Newly-formed Vietnamese VC firm, Startup Viet Partners, has made its entrance into the ecosystem with a US$5 million fund.

The fund will focus on B2B and B2B2C sectors, specializing in tech solutions for SMEs and corporations in Vietnam.

SV Partners is supported by 10 Limited Partners (LPs), they include businessmen and women in Vietnam who each has an average of 20 years of experience in building and managing large Vietnamese corporations. Their expertise range from retailing, manufacturing, FMCG, F&B, publishing, software and consulting.

“All the investors and advisors at SV Partners have extensive networks and experience in these local industries. They understand the needs of the businesses in Vietnam, and what startups should do to deliver solutions tailored for those needs.,” said An Ha, who is the Managing Director at Startup Viet Partners, in an interview with e27. “That is the key value of SV Partners, and that is what sets us apart from other VC funds in Vietnam.”

The VC’s board advisors include investors and entrepreneurs from Silicon Valley — a critical factor that will enable its investees to access global markets.

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SV Partners will be cutting checks between US$500K to US$1 million. It aims to fund between 2 to 4 startups per year. Besides pumping in capital, SV Partners will work closely with the startups with regards strategy, operations, and business development.

“We will be very selective of the startups we invest in. We are only going to pick those that we can add value to and help them grow exponentially. This is not a ‘pray and spray’ method often preferred by early-stage funds or angel investors; our fund requires much more effort from all of our investors,” said An.

The Vietnamese ecosystem doesn’t have a problem of too little venture funding, she emphasised, but rather, a lack of operational support.

“I’ve seen startups fail after they receive seed funding, or they survive but falter in their growth process. Most of the time, they don’t know how to deploy the investment strategically. Those that survive struggle to advance to the next level because they face hurdles growing and building the team, establishing partnerships, and expanding their business networks,” said An.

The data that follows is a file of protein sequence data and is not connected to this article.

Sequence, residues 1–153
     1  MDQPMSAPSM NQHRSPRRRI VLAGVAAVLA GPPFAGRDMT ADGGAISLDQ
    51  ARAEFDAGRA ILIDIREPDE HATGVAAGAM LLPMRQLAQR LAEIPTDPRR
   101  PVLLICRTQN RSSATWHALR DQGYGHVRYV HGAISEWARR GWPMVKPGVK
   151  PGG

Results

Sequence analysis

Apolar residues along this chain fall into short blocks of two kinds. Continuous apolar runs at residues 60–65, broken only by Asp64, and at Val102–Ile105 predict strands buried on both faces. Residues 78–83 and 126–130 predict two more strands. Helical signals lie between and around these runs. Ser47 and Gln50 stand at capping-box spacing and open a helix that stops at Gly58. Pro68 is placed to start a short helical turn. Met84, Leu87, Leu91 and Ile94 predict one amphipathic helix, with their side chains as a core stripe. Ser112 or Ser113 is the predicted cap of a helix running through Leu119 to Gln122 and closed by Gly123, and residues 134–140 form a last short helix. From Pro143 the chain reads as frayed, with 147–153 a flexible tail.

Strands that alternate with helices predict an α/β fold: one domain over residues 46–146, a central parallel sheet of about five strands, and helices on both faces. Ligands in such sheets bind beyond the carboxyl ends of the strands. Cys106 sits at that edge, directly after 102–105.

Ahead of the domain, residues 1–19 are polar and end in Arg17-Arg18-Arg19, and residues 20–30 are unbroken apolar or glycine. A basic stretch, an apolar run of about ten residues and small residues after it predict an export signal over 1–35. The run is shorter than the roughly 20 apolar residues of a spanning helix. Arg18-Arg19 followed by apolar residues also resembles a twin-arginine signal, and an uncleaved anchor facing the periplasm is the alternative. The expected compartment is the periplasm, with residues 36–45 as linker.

Diving deeper, An said that Vietnamese startups face a tough time convincing small business owners and corporations to adopt new and innovative solutions. But these businesses would likely be more receptive by way of introduction from community partners: the VCs.

“B2B sales in Vietnam is a tough area to crack as much of the sales process depends on who you know and trust,” said An, “so this is where our networks can help.”

And it is not just about helping the startups; there is an imperative to stimulate the country’s economy through digital transformation. Last year, the Vietnamese Prime Minister Nguyen Xuan Phuc issued a decree ordering all branches of private and public sectors to move into the 4th Industrial Revolution.

Currently, many businesses in Vietnam are still lagging behind other countries in their level of digital readiness.

“For example, many Vietnamese businesses are still relying on simple tools like Excel to manage their complex operations. We can help them identify their inefficiencies, and recommend B2B solutions, built by the startups we invest in, to solve their problems,” An said. “This will be a win-win situation for both sides”.

Each startup who receive funding from SV Partners will not only gain access to its networks of investors but also that of its partners and advisors. SV Partners will also be able to find the right candidates to fill key positions in the startups.

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The VC is already looking at investing in several potential startups. It partners closely with one of Vietnam’s leading accelerators, the Business Startup Support Centre (BSSC), to find the next investment opportunities.

SV Partners will be disclosing more details at its official launch event on Startup Day 2018, Vietnam’s largest startup exhibit and competition, on Aug 25, at Riverside Palace, Ho Chi Minh City.

Photo by Minh Minh on Unsplash